The majority of new commercial vehicles sold now come with DAB as standard, according to new industry data.
In Q3 2018, 54.3% of commercial vehicles were line fitted with DAB as standard, up from 50.5% in Q2 2018, according to the latest data from CAP and The Society of Motor Manufacturers and Traders show. This means that 175,000 new commercial vehicles with DAB as standard have been sold in the last 12 months.
The CAP/SMMT data on new cars showed that the percentage of new cars with DAB in Q3 2018 has increased to 91.4%, up from 87.5% compared to the same quarter last year. This means a total of 545,000 new cars with DAB as standard were sold in Q3 2018.
According to Rajar Q2 2018 data, 23.7% of all radio listening takes place in car. Vehicle manufacturers made the decision to fit digital radio in new cars in response to the increasing popularity of digital radio, the increase in the number of exclusive digital radio stations, and the expansion of DAB transmitters to cover the major road network.
Ford Ennals, CEO of Digital Radio UK, says:
“It’s great news that the number of commercial vehicles with digital radio as standard is now 54.3%, bringing the benefits of digital radio to thousands more drivers who rely on their van for work every day. Our priority now is to continue to work with broadcasters and the automotive industry to develop the digital automotive radio experience and ensure we preserve radio’s place on the dashboard in the emerging connected and IP-enabled driving environment.”
Hundreds of small radio stations across the UK are to receive a helping hand to broadcast in digital for the first time.
In new measures announced today, the Government will make it easier for smaller community and commercial radio stations to broadcast on small scale digital radio multiplexes.
With more than 50% of all radio listening in the UK now on digital, the new lighter touch licensing regime means these small stations won’t be left behind by the growing shift from FM and AM to digital radio and will give more choice to millions of radio listeners across the UK.
Margot James, Minister for Digital and the Creative Industries, said:
“We are breaking down one of the main barriers in the transition of radio from analogue to digital, to secure long-term benefits for the UK’s smaller commercial and community stations and ensure a range of local content for listeners.
“No one should be left behind by technological advances, so as part of our modern Industrial Strategy we will give small and local radio businesses affordable, practical access to digital radio networks to reach new and longstanding audiences.”
The roll out of small scale multiplexes across the UK could help more than 450 existing small community or commercial radio stations go digital.
Since 2014, Ofcom have been supporting successful trials of small scale radio multiplexes in ten areas of the UK. These trial multiplexes now carry around 160 small radio services offering listeners in these areas a broader range of content and formats.
To put these small scale services on a proper long-term footing, the Government is revising the current legal framework for licensing radio multiplexes - originally drawn up in the mid-1990s.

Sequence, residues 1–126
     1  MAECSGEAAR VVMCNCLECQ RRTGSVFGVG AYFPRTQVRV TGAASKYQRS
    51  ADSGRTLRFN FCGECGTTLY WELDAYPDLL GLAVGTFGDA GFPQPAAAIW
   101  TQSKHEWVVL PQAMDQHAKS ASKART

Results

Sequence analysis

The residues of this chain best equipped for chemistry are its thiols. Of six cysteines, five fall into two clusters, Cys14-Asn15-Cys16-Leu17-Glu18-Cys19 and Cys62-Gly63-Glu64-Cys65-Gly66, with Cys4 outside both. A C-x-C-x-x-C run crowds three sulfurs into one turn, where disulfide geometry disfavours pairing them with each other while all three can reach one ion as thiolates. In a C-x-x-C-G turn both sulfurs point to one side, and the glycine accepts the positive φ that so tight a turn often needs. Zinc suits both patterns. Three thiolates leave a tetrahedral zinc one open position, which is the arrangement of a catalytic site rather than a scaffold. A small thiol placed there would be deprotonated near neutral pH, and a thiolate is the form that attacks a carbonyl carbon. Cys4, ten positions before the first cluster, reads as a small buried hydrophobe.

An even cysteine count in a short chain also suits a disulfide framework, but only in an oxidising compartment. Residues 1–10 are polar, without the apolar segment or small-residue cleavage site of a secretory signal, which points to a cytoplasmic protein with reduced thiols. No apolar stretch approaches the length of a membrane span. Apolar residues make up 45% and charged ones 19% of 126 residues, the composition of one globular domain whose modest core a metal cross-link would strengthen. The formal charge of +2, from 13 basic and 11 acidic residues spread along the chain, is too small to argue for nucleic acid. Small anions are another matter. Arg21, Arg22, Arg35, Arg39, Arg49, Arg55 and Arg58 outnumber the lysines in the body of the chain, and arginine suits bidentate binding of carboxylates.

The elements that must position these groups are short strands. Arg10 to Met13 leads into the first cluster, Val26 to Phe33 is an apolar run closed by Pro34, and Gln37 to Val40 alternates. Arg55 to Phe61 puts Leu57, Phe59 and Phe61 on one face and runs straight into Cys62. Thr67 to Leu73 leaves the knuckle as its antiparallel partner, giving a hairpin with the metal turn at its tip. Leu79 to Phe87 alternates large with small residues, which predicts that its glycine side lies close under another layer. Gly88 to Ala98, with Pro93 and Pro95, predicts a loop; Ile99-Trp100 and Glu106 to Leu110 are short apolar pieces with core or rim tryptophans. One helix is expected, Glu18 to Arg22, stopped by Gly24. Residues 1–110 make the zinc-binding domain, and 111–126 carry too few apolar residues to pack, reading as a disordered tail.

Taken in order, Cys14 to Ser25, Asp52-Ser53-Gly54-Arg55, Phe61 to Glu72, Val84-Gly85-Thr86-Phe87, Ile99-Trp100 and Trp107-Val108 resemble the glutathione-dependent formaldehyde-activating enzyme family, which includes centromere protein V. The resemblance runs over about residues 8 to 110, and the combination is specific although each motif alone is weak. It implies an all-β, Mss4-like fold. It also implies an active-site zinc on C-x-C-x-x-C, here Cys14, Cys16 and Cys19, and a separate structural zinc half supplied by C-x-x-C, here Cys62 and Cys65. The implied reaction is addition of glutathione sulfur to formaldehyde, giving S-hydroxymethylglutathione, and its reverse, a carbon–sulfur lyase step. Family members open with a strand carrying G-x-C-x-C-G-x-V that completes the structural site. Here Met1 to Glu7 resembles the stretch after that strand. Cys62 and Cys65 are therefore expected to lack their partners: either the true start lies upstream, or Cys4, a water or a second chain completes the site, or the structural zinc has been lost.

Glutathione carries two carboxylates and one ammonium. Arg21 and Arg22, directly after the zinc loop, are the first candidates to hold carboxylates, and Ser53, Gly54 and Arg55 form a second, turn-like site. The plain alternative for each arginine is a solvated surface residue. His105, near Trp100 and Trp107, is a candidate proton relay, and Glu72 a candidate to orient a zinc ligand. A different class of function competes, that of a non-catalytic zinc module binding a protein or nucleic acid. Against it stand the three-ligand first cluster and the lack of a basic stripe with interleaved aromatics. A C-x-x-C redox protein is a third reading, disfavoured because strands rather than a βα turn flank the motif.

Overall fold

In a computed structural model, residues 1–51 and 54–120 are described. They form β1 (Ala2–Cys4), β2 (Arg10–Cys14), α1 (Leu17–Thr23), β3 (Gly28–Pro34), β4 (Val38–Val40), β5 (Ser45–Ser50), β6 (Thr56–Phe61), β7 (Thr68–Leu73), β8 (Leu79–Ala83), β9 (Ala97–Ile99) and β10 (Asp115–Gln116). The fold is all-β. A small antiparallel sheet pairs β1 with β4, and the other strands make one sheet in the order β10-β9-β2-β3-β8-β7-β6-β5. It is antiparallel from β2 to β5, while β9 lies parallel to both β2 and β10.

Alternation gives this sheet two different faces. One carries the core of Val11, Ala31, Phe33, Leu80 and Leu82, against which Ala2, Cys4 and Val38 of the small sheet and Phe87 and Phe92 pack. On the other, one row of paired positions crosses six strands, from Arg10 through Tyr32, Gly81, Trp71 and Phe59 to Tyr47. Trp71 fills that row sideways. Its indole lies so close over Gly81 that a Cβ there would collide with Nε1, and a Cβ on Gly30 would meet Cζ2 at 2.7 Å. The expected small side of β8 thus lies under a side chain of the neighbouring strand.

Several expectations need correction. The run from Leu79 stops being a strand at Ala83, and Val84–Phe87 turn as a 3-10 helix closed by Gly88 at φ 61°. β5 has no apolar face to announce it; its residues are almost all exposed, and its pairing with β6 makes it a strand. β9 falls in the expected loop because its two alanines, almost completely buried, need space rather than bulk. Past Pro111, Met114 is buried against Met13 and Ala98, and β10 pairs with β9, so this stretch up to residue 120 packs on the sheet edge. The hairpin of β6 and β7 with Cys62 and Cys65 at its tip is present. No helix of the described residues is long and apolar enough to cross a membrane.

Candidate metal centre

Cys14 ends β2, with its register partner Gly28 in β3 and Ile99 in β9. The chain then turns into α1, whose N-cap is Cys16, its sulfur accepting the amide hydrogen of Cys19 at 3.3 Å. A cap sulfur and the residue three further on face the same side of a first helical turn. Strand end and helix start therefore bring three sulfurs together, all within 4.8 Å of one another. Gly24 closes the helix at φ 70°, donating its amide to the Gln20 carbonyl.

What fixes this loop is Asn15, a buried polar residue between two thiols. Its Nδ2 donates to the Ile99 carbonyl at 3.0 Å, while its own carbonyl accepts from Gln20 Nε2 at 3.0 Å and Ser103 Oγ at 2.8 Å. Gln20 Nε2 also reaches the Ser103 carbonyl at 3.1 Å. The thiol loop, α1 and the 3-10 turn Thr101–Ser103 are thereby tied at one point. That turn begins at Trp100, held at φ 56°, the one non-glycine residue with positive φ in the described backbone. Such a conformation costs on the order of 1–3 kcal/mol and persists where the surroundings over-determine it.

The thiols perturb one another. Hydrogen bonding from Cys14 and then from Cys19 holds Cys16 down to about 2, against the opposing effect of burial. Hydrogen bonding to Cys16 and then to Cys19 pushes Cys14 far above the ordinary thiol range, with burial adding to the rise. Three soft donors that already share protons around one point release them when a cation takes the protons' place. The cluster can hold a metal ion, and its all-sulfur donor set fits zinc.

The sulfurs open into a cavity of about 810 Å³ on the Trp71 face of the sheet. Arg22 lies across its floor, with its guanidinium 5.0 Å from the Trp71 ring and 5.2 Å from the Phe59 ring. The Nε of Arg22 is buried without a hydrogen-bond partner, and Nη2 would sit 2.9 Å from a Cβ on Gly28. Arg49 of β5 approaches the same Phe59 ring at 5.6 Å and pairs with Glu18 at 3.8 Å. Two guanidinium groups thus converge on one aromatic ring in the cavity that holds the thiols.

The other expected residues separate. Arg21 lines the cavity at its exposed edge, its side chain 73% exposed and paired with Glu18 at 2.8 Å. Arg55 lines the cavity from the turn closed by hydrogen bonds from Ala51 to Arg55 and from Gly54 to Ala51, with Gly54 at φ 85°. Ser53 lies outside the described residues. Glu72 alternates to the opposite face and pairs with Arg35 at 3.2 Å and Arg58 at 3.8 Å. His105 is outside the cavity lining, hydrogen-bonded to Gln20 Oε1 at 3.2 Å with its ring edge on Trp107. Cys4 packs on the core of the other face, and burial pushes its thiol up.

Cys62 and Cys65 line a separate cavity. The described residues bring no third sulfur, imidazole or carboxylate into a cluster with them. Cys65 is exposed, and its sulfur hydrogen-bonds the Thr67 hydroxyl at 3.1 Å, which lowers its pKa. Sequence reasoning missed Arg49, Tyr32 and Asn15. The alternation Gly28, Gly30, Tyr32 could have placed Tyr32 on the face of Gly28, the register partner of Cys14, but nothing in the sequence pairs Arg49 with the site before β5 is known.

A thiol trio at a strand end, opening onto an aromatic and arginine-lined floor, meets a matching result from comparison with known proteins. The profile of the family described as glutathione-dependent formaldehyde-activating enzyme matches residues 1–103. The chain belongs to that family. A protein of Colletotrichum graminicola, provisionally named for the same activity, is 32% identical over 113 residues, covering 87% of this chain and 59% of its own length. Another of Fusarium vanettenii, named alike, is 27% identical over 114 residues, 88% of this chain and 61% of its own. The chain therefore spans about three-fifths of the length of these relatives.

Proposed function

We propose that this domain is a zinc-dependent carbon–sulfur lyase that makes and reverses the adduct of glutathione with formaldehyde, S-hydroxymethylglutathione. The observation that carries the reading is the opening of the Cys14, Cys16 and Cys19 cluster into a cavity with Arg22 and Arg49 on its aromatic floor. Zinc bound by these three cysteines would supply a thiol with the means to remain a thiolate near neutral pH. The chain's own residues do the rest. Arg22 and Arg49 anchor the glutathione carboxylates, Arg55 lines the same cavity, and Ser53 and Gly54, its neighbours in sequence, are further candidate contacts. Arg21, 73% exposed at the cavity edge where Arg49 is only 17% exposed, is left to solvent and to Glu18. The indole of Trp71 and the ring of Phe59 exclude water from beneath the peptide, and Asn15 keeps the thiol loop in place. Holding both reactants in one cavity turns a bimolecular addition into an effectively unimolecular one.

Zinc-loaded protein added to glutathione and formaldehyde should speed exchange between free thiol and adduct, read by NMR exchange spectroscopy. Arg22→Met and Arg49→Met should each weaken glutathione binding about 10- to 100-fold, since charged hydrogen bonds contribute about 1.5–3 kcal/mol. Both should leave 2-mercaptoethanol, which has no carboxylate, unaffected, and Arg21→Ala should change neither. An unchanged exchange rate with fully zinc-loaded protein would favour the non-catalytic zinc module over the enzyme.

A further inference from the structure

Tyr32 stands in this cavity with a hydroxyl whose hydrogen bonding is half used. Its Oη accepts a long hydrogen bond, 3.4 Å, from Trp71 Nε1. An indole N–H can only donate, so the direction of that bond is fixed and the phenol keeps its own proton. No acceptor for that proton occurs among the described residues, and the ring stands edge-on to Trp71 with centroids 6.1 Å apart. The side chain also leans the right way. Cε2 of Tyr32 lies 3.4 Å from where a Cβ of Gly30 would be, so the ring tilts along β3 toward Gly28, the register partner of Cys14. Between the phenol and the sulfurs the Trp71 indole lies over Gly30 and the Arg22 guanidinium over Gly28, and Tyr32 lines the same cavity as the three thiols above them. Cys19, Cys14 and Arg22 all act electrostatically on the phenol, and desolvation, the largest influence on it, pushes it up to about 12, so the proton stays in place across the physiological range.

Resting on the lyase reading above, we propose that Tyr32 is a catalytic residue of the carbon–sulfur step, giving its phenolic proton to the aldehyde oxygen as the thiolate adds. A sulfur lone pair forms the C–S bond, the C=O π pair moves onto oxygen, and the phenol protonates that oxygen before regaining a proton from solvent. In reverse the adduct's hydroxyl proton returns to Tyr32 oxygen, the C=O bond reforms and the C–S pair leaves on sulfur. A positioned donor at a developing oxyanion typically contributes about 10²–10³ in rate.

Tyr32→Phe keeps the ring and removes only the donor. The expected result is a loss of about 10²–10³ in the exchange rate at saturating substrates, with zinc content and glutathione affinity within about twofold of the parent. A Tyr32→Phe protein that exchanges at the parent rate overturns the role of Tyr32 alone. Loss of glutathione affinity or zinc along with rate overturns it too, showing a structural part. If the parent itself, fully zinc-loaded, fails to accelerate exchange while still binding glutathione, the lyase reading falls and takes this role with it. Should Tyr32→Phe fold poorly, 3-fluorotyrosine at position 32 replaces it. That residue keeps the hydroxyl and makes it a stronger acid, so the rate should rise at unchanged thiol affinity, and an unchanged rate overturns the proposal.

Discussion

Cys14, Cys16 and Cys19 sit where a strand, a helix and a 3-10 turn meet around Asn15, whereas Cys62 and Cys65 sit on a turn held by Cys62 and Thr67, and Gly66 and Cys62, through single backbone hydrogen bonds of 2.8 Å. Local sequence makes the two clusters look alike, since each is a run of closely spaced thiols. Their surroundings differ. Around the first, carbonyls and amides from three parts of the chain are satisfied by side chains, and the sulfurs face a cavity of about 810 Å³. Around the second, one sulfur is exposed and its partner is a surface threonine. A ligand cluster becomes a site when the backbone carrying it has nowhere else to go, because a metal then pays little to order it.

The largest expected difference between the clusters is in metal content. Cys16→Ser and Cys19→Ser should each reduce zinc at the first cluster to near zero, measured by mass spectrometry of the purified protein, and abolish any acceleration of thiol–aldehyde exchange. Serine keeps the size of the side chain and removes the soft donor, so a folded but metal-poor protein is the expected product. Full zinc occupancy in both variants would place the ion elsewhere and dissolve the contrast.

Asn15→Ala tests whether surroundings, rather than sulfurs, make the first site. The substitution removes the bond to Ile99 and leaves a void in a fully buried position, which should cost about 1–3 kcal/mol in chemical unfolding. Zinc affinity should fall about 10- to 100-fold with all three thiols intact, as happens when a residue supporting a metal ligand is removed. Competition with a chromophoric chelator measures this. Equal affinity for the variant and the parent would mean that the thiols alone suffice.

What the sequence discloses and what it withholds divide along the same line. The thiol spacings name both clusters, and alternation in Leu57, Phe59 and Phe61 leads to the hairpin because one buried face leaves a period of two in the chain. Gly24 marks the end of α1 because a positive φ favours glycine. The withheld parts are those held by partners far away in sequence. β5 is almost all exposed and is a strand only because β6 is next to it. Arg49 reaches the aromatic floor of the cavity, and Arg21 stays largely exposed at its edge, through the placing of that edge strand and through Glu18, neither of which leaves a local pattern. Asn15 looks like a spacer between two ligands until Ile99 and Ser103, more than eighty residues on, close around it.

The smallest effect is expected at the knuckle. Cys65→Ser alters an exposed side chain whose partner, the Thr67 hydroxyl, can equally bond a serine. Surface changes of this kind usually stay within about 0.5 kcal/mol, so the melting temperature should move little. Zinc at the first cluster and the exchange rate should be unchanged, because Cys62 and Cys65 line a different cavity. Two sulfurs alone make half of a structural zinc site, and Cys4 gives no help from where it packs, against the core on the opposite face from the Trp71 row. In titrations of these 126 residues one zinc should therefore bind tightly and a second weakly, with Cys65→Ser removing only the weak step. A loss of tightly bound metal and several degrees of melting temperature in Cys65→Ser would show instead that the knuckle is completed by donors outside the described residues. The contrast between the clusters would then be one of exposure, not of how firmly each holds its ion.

The new framework will allow Ofcom to reserve capacity on new small scale multiplexes for community stations, helping them to go live on the Digital Audio Broadcast (DAB) platform.
Ford Ennals, CEO, Digital Radio UK, said:
“We welcome today’s announcement from DCMS supporting the future development and expansion of small-scale DAB. This is good news for radio and good news for listeners as the expansion of small-scale DAB gives listeners a wider range of smaller stations available on DAB and gives small local stations a path to a digital future.
“Following the success of the fantastic range of unique and fresh local commercial and community services in the 10 trial areas we can expect to see many hundreds of local stations joining radio’s digital revolution across the UK.”
Switch Radio is a community radio station that operates and broadcasts one of the trial multiplexes in Birmingham.
Dean Kavanagh, Head of Content and Technology at Switch Radio, said
“Switch Radio welcomes the publication of the DCMS consultation response document. Small Scale DAB is a game-changing innovation that will drive real benefits for listeners and we are delighted that the government is actively supporting the progression of this technology from concept to delivery.
“Small scale DAB has been able to provide not just an increase in the quantity of stations that listeners can receive, but also the variety of what is available. We look forward to the further developments that will undoubtedly stem from the publication of this consultation response.”
This new streamlined structure for licensing small scale radio multiplexes comes at a time when DAB has greatly increased in popularity. Almost two-thirds of households have a DAB radio and only 43% of listening at home is on analogue. DAB coverage now reaches 90% of the UK.
The proposals will support the rollout of new digital-only radio networks within county areas, helping to expand the community radio sector. The Government will bring forward secondary legislation to make the necessary changes to the licensing regime in 2019.
Notes to Editors:
A small scale DAB radio multiplex is a more efficient way of transmitting compared to analogue and uses a low cost software-based approach that makes it particularly suitable for smaller radio stations. A multiplex consists of a number of DAB radio stations bundled together to be transmitted digitally on a single frequency to a specific geographic area.
Among the measures set out today in its response to the Small Scale DAB Licensing Consultation, the Government has stated it will: